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Wednesday, November 27, 2013

Migrant firewall? Cameron targets welfare benefits for EU migrants


Migrant firewall? Cameron targets welfare benefits for EU migrants

Britain's Prime Minister David Cameron (Reuters / Olivia Harris)

Prime Minister David Cameron has proposed a swath of benefit cuts and “free movement” restrictions to EU migrants in a bid to shore up the UK’s social welfare system, as a fresh wave of Bulgarian and Romanian migrants are set to arrive on British soil.
Under the proposed measures introduced late on Tuesday, new migrants would not be eligible for unemployment benefits during their first three months in the country, and unemployment payments would be stopped after six months unless claimants proved they had a “genuine chance of finding a job”.
New migrants would also no longer be able to claim government housing benefits, and those caught begging or sleeping on the streets would be deported with no chance of return for a year.
In a bid to tackle unscrupulous employers, fines would be quadrupled for those found to be paying below the minimum wage.
“We are changing the rules so that no-one can come to this country and expect to get out-of-work benefits immediately," Cameron wrote for the Financial Times.
The Tories' coalition partners, the Liberal Democrats, backed the package of restrictions as reasonable.
Writing for the Financial Times, Cameron further said it was time to reevaluate the principle of free movement, a central tenet of the European Union which had triggered “vast population movements".
"We need to face the fact that free movement has become a trigger for vast population movements caused by huge disparities in income. That is extracting talent out of countries that need to retain their best people and placing pressure on communities."
Cameron said he would look to sympathetic EU governments to work on allowing member states to halt the number of arrivals if they exceeded a certain threshold. He also said governments could limit the annual number of EU migrants or withhold the right to full freedom of movement until specific countries achieved a certain per capita Gross Domestic Product.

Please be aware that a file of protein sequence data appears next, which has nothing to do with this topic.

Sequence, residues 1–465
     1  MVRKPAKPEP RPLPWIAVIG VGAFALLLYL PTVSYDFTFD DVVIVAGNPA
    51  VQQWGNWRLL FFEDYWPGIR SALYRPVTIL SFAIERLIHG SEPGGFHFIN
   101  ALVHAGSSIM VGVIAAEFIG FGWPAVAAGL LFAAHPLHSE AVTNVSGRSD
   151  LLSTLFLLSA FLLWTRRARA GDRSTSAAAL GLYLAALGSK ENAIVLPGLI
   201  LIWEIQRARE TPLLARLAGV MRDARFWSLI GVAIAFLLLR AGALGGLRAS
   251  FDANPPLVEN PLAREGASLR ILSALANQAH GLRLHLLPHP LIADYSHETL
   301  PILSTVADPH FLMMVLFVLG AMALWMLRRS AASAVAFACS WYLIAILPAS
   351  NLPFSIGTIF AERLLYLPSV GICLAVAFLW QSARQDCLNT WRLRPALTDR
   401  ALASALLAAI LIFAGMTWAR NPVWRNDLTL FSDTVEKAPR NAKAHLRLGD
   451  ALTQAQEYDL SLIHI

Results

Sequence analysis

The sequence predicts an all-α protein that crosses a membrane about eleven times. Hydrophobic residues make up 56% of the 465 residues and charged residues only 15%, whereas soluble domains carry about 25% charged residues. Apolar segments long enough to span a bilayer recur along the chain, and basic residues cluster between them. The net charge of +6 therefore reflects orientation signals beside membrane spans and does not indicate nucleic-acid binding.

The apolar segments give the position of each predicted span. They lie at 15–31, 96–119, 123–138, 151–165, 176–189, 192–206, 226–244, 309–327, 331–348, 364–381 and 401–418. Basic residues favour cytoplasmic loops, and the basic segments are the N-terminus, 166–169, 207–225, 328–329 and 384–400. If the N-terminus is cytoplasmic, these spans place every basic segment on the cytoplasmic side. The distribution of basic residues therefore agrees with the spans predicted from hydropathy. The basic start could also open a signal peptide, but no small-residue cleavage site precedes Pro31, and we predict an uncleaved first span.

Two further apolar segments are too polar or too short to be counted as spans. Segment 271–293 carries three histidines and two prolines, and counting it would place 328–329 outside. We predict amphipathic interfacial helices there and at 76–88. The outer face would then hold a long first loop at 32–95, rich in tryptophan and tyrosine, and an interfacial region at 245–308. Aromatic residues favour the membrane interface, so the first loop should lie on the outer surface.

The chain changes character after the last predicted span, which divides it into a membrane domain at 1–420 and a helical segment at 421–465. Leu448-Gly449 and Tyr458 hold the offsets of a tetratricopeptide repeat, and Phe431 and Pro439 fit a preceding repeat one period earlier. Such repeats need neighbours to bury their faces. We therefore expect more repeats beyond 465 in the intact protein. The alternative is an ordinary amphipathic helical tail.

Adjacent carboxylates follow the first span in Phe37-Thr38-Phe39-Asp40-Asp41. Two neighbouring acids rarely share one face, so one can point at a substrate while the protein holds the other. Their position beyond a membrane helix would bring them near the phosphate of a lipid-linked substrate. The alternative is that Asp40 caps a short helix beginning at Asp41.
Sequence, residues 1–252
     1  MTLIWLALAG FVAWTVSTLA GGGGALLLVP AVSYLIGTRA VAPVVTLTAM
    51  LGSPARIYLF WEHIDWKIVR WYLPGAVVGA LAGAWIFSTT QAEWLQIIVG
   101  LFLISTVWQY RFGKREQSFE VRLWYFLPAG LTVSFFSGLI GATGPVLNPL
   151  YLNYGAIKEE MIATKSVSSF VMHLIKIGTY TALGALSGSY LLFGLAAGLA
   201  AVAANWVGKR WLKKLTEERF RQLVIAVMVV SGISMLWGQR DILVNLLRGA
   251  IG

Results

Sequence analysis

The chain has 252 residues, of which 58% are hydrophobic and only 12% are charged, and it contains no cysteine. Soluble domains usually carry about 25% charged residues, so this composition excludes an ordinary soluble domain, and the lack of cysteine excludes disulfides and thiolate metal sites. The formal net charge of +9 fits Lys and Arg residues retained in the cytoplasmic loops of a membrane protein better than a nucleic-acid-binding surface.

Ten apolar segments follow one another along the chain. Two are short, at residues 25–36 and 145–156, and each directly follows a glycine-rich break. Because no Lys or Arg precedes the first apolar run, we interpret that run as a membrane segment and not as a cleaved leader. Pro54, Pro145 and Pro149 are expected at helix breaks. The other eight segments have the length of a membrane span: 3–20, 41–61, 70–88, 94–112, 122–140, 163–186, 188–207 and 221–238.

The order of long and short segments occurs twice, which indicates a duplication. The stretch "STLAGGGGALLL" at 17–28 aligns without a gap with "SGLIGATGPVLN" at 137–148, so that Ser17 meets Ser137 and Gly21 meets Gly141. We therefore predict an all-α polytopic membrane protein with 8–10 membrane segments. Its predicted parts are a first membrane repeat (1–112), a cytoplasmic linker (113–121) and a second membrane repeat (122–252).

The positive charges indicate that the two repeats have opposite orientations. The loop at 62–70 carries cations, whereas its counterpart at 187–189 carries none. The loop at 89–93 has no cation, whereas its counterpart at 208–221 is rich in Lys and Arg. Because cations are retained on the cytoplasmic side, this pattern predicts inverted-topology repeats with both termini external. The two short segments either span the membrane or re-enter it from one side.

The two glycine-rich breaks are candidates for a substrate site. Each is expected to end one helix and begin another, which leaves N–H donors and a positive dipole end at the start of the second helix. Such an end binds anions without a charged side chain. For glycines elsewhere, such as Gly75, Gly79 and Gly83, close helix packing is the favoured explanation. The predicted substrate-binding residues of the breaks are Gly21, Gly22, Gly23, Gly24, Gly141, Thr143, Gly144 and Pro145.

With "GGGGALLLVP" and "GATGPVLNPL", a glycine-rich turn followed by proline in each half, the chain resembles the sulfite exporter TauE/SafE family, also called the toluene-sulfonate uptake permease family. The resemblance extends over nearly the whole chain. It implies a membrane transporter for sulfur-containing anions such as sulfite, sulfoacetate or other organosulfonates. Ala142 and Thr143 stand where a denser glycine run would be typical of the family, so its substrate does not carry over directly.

Cameron said he understood the concerns many in Britain had about the EU’s requirement to lift transitional controls limiting Bulgarian and Romanian workers' access to the UK labor market. The measures, which have been in place since the former Eastern Bloc states joined the EU in 2007, will expire at the end of the year.
The PM chastised the previous government for not restricting access to the UK labor market when Poland and nine other countries joined the EU in 2004. The move resulted in a much larger influx of migrants than expected, with an estimated 1 million people from Central and Eastern Europe now living in the UK.
"In 2004, the Labour government made the decision that the UK should opt out completely of transitional controls on the new EU member states. They had the right to impose a seven-year ban before new citizens could come and work here, but – almost alone in Europe – Labour refused it. That was a monumental mistake," he said.
"The EU of today is very different from the EU of 30 years ago," he continued.
The conservatives are facing a growing threat from the anti-immigration UK Independence Party (UKIP), which during the 2013 local election saw the “biggest surge for a fourth party" in British politics since the Second World War, averaging 25 percent of votes in council wards.
UKIP is poised to siphon off votes from the Tories in next year’s European elections and at a national election in 2015. The next election is widely expected to be decided on the effects of Bulgarian and Romanian immigration, prompting Cameron to push for reform.
Cameron has long suggested renegotiating Britain's EU membership to give it more of a say in managing its own affairs. If re-elected in 2015, he has promised to hold a referendum on whether or not to remain within the bloc.

'Unilateral rhetoric' and 'untruths'    

However, Laszlo Andor, the European Commissioner for Employment and Social Affairs, told BBC radio that EU rules applied equally to all 28 member states and had been agreed to by the UK.
Andor warned Cameron’s "unilateral rhetoric" was unlikely to present viable proportionate solutions to the problem.
"This is an unfortunate over-reaction. We would need a more accurate presentation of the reality, not under such hysteria which sometimes happens in the UK," he said.
"Unilateral rhetoric ... is not really helpful. It risks presenting the UK as a kind of nasty country. We have to look into the situation collectively and act proportionately."
He further said the British public had not been told the truth regarding immigration, arguing existing rules were already in place to safeguard against ‘benefit tourism.’
"If someone new arrives to the UK or another country, it is the home country which in the first phase needs to cover Job Seeker's Allowance, and not the receiving country," he said.
"If we start to dismantle some of the rules of the single market which should apply to everyone, [other countries] may invent other ideas and proposals and then we end up on a slippery slope," he added.